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Building a crumple zone

  1. Dec 5, 2005 #1
    For a school project I have to build a device made of only toothpicks and glue gun glue that will hold an egg. The device will be dropped 5 meters and the egg must not break, so the idea is to build a device with a good crumple zone. I have a few ideas about how to build it but its pretty hard to find advice on how they are made, I can only find info on how they work. Oh yea it has to have a mass of 50 g or less, thats a lot of toothpicks.

    If someone could comment on my ideas, or suggest different variations it would be great. Here are my ideas.

    1. Build a crumple zone where the base is made of squares each connected to a square above them by 4 toothpicks.

    2. Same idea as above but use only 2 toothpicks to connect squares (therefore its weaker, which means I can have a longer crumple zone right?)

    3. Make the base triangles that are connected to above triangles with 2 toothpicks.

    4. Attempt to make it a shape sort of like a blimp? I have my doubts on this one.
  2. jcsd
  3. Dec 10, 2005 #2
    Anyone have any ideas?
  4. Dec 10, 2005 #3


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    Homework Helper

    I expect that if the toothpicks are vertical they will not flex or break;
    the Energy absorbed will only be in the glue coming undone.

    It might be good to connect vertical toothpick posts
    to the center of horizontal toothpick beams, so the beams will break.

    If the posts are not vertical, but all slanted one direction,
    you might be able to change vertical motion into rotational motion.
  5. Dec 10, 2005 #4
    Hmm well with the vertical thing Ive tried it a few times and it seems that the sticks do break. I dont really understand what you mean about rotational motion though, if you think it will help for my project please explain.

    I was thinking that I need the structure to be very long and have the impact part break very easily over a long distance right? In this I am trying to create the longest stopping distance with equal force at all moments on the egg I think. So the best way to do this would b to have it reasonably weak but for as long of a time possible. Anyone have ideas how i would do this? or what shape would be the best to use that will break easily?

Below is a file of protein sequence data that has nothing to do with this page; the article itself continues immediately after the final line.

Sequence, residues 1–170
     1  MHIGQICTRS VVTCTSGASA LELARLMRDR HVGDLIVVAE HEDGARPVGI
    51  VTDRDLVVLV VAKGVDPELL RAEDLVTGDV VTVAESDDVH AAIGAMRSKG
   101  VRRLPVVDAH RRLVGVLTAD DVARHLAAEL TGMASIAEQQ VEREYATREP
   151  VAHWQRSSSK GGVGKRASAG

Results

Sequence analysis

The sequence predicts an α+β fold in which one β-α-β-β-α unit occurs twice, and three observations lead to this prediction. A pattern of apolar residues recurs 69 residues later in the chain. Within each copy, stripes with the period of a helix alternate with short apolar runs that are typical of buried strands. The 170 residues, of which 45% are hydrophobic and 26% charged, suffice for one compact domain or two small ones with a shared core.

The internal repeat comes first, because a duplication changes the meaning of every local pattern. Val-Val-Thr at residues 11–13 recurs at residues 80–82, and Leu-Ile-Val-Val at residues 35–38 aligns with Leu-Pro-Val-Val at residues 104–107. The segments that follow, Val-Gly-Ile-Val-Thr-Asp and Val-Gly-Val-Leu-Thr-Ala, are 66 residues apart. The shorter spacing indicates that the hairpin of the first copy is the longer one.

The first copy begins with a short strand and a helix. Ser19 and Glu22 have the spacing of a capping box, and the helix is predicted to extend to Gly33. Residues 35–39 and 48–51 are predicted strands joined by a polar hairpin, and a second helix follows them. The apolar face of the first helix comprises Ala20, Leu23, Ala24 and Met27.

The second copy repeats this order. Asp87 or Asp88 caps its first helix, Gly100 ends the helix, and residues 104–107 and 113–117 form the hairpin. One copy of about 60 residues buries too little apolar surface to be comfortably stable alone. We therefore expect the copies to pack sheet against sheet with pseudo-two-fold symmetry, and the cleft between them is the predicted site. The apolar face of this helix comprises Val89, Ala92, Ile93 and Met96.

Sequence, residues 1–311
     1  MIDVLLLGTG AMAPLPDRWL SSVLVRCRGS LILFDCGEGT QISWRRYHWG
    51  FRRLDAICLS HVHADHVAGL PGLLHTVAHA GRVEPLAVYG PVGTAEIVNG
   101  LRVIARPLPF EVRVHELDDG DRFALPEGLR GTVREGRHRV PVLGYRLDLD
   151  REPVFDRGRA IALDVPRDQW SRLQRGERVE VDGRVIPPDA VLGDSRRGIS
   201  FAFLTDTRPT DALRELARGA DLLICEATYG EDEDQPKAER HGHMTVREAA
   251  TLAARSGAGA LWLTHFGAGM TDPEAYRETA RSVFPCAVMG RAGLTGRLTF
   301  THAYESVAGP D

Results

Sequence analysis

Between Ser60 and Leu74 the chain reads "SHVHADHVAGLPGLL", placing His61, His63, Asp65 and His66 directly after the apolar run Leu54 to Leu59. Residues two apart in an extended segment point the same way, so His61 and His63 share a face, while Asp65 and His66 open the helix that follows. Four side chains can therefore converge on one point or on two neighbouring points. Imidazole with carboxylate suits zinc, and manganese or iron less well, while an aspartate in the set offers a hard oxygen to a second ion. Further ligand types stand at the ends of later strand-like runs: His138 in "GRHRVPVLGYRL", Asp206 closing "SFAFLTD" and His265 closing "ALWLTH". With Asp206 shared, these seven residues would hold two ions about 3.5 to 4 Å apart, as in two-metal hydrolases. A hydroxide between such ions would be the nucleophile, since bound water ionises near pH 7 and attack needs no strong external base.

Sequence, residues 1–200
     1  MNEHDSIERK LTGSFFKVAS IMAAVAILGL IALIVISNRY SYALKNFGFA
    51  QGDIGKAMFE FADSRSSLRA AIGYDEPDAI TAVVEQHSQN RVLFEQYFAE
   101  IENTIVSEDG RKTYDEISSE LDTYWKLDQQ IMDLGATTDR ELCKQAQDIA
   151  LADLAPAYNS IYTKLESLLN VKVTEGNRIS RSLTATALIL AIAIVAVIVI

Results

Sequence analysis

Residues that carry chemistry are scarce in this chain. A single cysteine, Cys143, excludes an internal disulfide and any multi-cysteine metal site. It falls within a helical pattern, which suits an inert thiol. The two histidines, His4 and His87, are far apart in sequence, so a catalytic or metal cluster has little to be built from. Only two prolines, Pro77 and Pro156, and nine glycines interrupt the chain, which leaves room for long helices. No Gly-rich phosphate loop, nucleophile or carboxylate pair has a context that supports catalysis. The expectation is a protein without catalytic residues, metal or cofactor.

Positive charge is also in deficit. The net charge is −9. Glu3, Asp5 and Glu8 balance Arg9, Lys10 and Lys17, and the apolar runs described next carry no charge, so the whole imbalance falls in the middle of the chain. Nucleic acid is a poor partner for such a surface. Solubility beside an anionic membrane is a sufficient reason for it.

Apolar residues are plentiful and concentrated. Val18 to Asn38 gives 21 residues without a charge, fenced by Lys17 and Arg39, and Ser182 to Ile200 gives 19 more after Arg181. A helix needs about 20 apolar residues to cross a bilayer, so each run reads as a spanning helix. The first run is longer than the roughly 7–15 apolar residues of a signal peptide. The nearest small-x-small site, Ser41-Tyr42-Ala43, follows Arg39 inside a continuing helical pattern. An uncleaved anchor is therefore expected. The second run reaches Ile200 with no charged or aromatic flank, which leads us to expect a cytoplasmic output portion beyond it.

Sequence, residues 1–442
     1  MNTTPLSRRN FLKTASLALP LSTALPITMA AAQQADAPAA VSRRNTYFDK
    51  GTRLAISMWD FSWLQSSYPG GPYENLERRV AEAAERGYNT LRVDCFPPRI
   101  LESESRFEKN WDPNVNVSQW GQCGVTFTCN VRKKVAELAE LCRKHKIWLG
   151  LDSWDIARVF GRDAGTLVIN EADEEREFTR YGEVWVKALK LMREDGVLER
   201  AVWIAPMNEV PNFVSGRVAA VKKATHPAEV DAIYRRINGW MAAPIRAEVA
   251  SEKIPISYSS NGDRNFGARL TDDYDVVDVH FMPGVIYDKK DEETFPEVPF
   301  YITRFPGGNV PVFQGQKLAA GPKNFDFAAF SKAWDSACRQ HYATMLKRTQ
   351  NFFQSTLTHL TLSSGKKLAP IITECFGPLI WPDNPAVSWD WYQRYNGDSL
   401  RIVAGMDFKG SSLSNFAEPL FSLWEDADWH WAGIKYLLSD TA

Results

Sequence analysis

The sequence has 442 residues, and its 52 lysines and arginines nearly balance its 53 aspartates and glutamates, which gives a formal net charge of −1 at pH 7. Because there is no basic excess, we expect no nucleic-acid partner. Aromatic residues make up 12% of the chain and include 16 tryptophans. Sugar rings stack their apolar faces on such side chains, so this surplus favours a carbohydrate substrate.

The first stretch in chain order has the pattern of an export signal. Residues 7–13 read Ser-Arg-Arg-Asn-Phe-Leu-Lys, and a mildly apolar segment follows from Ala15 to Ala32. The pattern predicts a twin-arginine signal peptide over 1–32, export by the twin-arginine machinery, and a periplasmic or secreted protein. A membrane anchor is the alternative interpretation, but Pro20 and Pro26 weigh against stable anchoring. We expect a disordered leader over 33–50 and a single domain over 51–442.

6. Dec 11, 2005 #5


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    I rather like Buckminister Fuller's "Octet truss" consisting of tetrahedrons and octahedrons. You should be able to find diagrams if you look on the WWW. I have never actually seen this applied to egg drops, I don't have any emperical data on how well it works.
  7. Dec 14, 2005 #6


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    Some more feedback, after a little bit of fooling around with real toothpicks. The octet truss will probably theoretically be a very strong design, but it will be very hard to build correctly because of the joints.

    If you put the joints of your toothpicks together haphazardly, the structure will not be very strong, defeating the purpose of the structure. You have to imagine that you are building on a larger scale, and use good joints.

    The joint structre for a octet truss design can have up to 12 beams (toothpicks) meeting at a point, making it a difficult build. I think the best practical approach will be to engineer the structure for the simplest possible joint configuration.
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